11th Dec 2023

EU privacy chief says child abuse bill will upend internet

  • A European Parliament study says there were more than 32 million reports of suspected online child sexual abuse in 2022 (Photo: Daria Nepriakhina)
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The European Commission's bill to curb online child sex abuse will fundamentally change the internet, says the EU's data protection chief, Wojciech Wiewiórowski.

The bill, known as the child sexual abuse materials or CSAM, has come under intense criticism from privacy rights advocates.

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They say it would erode encryption, inadvertently put children at greater risk of exploitation, and create a mass surveillance state where everyone is a suspect.

But Wiewiórowski on Monday (23 October) said the proposal in its current form would also "fundamentally change the internet and the digital communication, as we know it now."

Wiewiórowski is the European data protection supervisor (EDPS), an independent agency based in Brussels tasked to ensure European institutions and bodies respect peoples' right to privacy and data-protection.

At a seminar organised by the EDPS at the European Parliament, Wiewiórowski said the commission's proposal poses other problems, as well.

"I'm concerned that it questions the foundations [of privacy in a democratic society] which, once undermined, lead to the radical shift from which there might be no return," he said.

The 52 year-old Wiewiórowski also drew comparisons to the police state he experienced while growing up in his native Poland.

Meanwhile, others said that the CSAM proposal would not help fight online child pornography.

Among those is Arda Gerkens, who chairs the board of the Netherland's authority for the prevention of online terrorist content and child sexual abuse material.

"However illegal, a big part of the material that we're seeing is not a result of sexual abuse," she said, also at the EDPS seminar.

Instead, she said the standard form of child sex abuse material is more often found on image hosting websites, which are being used to spread the material via the Dark web.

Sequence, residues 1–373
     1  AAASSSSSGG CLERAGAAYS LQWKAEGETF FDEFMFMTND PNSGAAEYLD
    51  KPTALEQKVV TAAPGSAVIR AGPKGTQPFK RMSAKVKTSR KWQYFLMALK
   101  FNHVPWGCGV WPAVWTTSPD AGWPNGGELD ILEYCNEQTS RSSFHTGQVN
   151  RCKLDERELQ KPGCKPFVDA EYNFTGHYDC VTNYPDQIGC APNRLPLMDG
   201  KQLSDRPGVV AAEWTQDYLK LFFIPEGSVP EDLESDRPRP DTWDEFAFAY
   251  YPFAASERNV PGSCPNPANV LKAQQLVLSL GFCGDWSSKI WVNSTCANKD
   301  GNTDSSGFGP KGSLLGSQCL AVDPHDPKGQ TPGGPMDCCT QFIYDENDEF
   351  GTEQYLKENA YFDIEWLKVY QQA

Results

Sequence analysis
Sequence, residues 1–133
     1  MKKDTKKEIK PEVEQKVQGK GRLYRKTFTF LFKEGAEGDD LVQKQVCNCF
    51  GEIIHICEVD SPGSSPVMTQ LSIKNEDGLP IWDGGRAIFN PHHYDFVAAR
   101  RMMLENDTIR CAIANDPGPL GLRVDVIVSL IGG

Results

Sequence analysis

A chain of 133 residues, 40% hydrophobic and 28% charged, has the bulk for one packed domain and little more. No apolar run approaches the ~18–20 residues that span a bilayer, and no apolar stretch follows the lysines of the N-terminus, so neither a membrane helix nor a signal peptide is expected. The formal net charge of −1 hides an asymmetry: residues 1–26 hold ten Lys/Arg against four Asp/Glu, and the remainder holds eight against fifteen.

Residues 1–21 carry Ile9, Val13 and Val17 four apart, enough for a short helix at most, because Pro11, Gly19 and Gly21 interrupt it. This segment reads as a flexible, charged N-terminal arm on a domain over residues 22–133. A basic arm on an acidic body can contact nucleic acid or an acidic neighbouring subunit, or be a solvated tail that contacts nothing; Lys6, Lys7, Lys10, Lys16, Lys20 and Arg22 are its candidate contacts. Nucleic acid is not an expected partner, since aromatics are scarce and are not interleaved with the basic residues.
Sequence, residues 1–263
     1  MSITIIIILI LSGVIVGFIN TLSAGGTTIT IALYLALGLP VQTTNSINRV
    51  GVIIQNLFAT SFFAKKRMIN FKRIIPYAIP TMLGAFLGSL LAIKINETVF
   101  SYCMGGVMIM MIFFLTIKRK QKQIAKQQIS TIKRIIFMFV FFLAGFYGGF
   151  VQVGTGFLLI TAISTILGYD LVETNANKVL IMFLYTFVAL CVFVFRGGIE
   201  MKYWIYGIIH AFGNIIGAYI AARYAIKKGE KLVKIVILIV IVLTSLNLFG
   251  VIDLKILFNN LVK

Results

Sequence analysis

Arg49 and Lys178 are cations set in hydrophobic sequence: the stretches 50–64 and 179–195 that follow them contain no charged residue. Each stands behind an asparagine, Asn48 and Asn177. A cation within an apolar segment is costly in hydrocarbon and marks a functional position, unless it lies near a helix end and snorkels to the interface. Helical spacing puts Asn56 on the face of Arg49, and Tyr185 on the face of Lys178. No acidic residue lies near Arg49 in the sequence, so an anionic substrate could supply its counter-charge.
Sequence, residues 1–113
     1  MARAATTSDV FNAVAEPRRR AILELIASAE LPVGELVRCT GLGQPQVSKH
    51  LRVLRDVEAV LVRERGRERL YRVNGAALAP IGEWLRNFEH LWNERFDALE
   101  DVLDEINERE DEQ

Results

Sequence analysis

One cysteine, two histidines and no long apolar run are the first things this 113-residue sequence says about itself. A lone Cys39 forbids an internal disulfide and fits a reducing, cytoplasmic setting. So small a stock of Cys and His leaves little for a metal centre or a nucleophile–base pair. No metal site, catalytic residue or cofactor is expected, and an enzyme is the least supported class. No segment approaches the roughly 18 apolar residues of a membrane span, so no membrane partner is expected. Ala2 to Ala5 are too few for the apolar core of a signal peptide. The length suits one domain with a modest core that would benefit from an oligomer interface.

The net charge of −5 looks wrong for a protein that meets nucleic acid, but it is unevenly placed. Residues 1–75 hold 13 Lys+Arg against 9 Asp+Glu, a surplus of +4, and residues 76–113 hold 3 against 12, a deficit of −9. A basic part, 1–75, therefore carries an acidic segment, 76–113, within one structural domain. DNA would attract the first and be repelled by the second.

And she said around 90 percent of the physical abuse is done by somebody the child knows.

"Scanning of private communication will certainly flag problematic situations. But it is not the solution to combat this sexual child abuse," she said, noting that leaked images are quite often the result of hacked accounts.

A better solution, says Gerkens, is to invest in existing law enforcement systems and strengthen cooperation between EU states.

Personal attacks

Presented in May last year, the commission says its proposal targets service providers online and hosting providers.

It would require firms like Signal and WhatsApp to detect, report and remove child sexual abuse material on their services. And it says a new independent EU centre would support EU states to prevent the crime.

But the debate around CSAM has also turned increasingly ugly and in some cases, personal.

Earlier this month, Ylva Johansson, the EU commissioner in charge of CSAM, accused unnamed privacy advocates of misogynist and sexist abuse.

"The violence of their language perhaps undermines their attempts to portray themselves as the reasonable ones in this debate," she said.

On Wednesday, she is set to debate MEPs sitting in the European Parliament's civil liberties committee. Although not yet confirmed, the committee is set to vote on the proposal on 13 November.

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